I’m not sure which was the more telling moment in the debate Wednesday evening between mayoral hopefuls Carolyn Goodman and Chris Giunchigliani.
Was it when the mayor’s wife looked at her watch, a la Bush 41 and for the second consecutive debate, like an aristocratic princess wondering how long she had to spend on such irksome, plebian tasks while awaiting her coronation as queen?
Or was it when Giunchigliani referred to her expletive-laced explosion of anger during a venture to help union-organized nurses at the county hospital as “one clip out of a 20-year history,” as if it were some unthinkable aberration?
Debates can illuminate a lot: Knowledge, character, intellect.
And if I may say so, Wednesday evening on “Face to Face” we saw the brightest spotlight yet turned on what this race is all about: A privileged, isolated dilettante who appears to know little about anything and who is trading on her husband’s golden last name versus a cutthroat, often polarizing pol whose career has been characterized by hard work and extensive knowledge undermined by unnecessary nastiness and consensus un-building.
It should be hard for thinking people not to be offended by Mrs. Goodman’s Oscar-worthy performance as some kind of successful entrepreneur (so she ran a private school) who should be handed the job because she stood by her husband’s side for 12 years. Luckily for her, most people who will vote starting Saturday won’t be thinking about much other than her last name, and many probably realize the mayor’s job is so relatively unimportant that they would rather have The Clueless One than The Nasty One.
Rarely have campaign ads so captured the truth about two candidates as the ones now airing in this race. Giunchigliani’s memorable and funny take on Goodman running a “My husband did it so I can, too” campaign is matched by the brutal takedown of the commissioner by the mayor’s wife in an ad that shows Giunchigliani’s pointlessly harsh ripostes to a UMC doctor during a board meeting.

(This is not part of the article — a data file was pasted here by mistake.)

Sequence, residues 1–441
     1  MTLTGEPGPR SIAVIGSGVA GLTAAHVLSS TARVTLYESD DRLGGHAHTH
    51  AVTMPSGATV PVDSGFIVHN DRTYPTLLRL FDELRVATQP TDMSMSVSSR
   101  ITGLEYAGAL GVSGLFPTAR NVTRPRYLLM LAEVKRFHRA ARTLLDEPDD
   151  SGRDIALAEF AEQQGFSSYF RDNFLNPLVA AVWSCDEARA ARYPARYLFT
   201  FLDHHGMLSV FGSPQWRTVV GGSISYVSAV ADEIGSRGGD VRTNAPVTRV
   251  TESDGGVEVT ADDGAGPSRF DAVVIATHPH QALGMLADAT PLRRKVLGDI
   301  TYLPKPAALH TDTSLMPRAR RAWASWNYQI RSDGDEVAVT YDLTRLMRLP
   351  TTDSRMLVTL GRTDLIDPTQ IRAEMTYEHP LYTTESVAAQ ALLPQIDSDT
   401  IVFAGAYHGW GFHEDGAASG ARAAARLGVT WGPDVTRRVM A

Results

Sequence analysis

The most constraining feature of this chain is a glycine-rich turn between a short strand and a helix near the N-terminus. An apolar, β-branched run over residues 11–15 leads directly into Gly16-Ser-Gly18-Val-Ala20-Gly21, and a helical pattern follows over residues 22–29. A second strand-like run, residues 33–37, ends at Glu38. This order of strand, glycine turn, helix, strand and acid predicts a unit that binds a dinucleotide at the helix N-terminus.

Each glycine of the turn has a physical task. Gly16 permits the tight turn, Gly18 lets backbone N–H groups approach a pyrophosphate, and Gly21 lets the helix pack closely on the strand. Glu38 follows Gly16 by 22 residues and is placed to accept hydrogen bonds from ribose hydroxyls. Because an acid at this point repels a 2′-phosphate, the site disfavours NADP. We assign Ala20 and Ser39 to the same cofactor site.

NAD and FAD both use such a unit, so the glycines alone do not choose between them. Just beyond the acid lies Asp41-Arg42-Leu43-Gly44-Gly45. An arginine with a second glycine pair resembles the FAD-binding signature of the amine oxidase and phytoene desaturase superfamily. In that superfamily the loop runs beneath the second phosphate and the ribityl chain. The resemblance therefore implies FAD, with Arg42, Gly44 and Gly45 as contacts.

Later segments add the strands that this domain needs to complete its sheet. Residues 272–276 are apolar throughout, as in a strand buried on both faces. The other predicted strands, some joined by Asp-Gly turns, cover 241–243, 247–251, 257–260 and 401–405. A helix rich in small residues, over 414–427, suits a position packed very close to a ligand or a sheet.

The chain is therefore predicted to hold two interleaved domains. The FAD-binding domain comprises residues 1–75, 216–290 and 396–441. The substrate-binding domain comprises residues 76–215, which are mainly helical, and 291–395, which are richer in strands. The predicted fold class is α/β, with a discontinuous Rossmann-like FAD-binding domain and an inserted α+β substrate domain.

For those who cynically think this has always been about Oscar trying to circumvent term limits by getting his wife to run, the mayor’s ratcheting up of his efforts cannot go unnoticed, capped by that outrageous taxpayer-funded piece that was so blatant an attempt to remind people of their last name it had a disclaimer: “THIS IS NOT A POLITICAL MAILER.” (By the way, Carolyn Goodman said during the debate that she probably threw it out. Priceless.)
Mayor Chutzpah had the nerve to tell the Sun that when he campaigns for his wife, it’s as a husband not the mayor: “When I make my phone calls, I say ‘it’s Oscar calling.’ ”
So, yes, it’s shameless, but you also can’t help but be struck how vacuous Carolyn Goodman has seemed. She has been repeatedly asked about gay and illegal immigration issues and appeared not to do homework in between and then ludicrously claimed her comments were taken out of context.
Last night, I asked her what her plans were since the Giunchigliani ad accuses her of having none and there is no evidence anywhere she does. She doesn’t even bother with an “issues” tab on her website. Let them eat veal Oscar?
She could not come up with one plan, and when pressed said: “I will be working with Zappos to help them develop their businesses and bring other IT companies down here.”
Later, Goodman tried to ridicule Giunchigliani for taking credit for the rental car tax bill that helped fund the downtown performing arts center, claiming it had failed in Reno and required a city bailout (not quite true). And Don Snyder, the father of the project, has given Giunchigliani credit for the tax, which has raised an estimated $100 million for the center. Some failure.
So Goodman knows nothing. So what? As I have said before, Oscar knew very little when he ran, and look what happened. It’s a popularity contest for a sinecure. Or, in this case, it’s a last name contest — one we know, the other is unpronounceable.
Even if she weren’t running against The Family name, Giunchigliani, despite her pools of goodwill, has made a lot of enemies. She did not read Dale Carnegie, she does condescend, and she often treats people around her as servants or fools. This is indisputable. (In fact, I would love to poll the city residents in Clark County government to see how many are voting for her to get her off Grand Central Parkway.)
Politics is, as the cliché goes, the art of addition, not subtraction. Giunchigliani has subtracted many potential allies over the years. Carolyn Goodman long ago added the only one who matters.
The debate video is posted at lasvegassun.com.